On the eve of the 139th Open Championship, Justin Rose stated his belief that Great Britain and Ireland no longer need the rest of Europe to compete in the Ryder Cup – "we could do it on our own".
This was just the latest example of the confidence sweeping through the home ranks following a collective surge into the world top 10 and a staggering run on the American Tour which saw players from the United Kingdom winning four events out of five. At the start of the week, Ian Poulter claimed British pros had "a 15-year window" to dominate the game and on Tuesday night Lee Westwood made a joke at America's expense.
When accepting the Golf Writers' Player of the Year Trophy, the world No 3 congratulated Tim Finchem, the PGA Tour's commissioner, for the success of Steve Stricker at last Sunday's John Deere Classic. "It must be nice to have an American winning on your tour," said Westwood.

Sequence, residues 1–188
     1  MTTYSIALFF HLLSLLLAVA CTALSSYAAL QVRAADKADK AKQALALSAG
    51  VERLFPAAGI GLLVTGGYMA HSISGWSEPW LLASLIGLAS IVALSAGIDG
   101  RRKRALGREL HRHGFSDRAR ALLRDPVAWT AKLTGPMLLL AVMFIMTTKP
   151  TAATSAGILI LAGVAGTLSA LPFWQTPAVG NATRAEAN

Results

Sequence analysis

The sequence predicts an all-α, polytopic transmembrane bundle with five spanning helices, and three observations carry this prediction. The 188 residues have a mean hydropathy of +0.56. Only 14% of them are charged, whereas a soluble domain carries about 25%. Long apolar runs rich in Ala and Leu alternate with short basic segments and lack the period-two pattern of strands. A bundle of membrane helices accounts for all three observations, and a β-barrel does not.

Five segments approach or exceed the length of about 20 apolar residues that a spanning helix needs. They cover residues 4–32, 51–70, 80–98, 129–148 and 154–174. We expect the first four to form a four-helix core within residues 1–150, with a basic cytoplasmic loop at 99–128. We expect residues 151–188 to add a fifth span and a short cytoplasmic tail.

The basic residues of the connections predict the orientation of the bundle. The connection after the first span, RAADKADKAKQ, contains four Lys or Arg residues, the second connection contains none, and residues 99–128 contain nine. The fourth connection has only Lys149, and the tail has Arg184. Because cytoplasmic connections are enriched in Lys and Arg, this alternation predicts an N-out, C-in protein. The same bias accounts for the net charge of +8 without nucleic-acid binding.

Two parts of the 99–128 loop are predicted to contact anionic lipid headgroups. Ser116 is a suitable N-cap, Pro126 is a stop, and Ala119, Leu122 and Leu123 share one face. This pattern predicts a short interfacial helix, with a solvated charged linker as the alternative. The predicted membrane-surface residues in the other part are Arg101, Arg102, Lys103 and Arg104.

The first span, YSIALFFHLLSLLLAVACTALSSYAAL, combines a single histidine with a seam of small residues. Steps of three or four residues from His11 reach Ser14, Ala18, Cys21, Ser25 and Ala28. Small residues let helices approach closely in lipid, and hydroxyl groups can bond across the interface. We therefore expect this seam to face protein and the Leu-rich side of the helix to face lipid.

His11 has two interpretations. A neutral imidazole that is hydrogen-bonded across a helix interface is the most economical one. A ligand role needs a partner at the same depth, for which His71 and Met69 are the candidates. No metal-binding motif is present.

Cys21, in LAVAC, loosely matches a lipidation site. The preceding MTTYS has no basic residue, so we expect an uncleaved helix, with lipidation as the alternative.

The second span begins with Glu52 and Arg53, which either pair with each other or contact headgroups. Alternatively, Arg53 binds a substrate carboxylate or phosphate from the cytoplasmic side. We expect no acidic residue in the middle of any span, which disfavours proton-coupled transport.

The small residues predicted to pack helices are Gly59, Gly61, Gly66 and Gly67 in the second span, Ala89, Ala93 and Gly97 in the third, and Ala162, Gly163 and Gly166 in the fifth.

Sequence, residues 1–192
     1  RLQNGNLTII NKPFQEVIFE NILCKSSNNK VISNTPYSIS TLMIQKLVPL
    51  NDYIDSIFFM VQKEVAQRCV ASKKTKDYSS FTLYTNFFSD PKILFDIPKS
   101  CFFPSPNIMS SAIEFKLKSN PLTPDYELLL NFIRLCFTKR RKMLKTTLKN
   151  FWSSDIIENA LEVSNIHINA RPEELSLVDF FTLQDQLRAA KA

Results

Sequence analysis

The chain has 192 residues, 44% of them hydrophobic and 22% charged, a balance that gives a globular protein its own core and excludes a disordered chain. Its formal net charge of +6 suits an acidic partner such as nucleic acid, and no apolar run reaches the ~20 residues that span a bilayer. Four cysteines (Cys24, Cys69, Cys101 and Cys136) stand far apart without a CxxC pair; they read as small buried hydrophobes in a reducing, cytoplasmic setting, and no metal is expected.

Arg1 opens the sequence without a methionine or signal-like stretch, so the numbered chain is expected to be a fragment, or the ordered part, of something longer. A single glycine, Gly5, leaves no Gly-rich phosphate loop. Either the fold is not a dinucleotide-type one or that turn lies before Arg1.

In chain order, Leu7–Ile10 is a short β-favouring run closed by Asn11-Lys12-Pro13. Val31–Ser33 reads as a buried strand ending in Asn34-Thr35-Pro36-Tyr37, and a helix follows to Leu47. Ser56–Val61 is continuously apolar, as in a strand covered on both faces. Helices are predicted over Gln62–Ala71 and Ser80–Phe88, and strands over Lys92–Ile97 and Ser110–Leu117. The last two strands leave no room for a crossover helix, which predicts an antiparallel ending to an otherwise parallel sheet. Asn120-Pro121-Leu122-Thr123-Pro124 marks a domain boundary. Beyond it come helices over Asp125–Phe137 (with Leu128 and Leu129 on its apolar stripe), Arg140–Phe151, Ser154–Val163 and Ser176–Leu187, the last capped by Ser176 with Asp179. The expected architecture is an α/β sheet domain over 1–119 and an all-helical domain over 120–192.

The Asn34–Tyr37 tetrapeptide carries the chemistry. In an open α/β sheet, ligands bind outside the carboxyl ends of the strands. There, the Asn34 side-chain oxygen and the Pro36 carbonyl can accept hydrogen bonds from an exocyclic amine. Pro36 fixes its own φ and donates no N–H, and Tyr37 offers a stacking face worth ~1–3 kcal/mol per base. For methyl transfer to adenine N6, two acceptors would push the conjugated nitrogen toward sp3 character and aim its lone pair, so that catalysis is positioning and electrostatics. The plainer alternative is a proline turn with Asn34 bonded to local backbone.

Finchem took the quip in the spirit it was intended, but it will be interesting to discover how Tiger Woods and Co feel about Rose's statement. The 29-year-old is drawn alongside Woods in the opening round today as he attempts to become the first British winner of the Open in 11 years. In the meantime, America have won seven Claret Jugs.
"What would happen if Great Britain and Ireland took on the US?" said Rose. "Right now it would be a close game, like the old Ryder Cup was back in the day. I think for the first time it would probably be a close-run thing, for sure. We've always had one or two great, great players but we now have a great depth to the team."
The stats back up Rose. There are now eight British or Irish players in the world top 20 compared to six from the States; the first time they have a numerical advantage since the rankings started 25 years ago. Furthermore, five different UK players have won on the PGA Tour already this season. "Look at the rankings and, dare I say, it's better than it's ever been," Rose added. "Just on that basis I think one of us will be in contention on Sunday afternoon."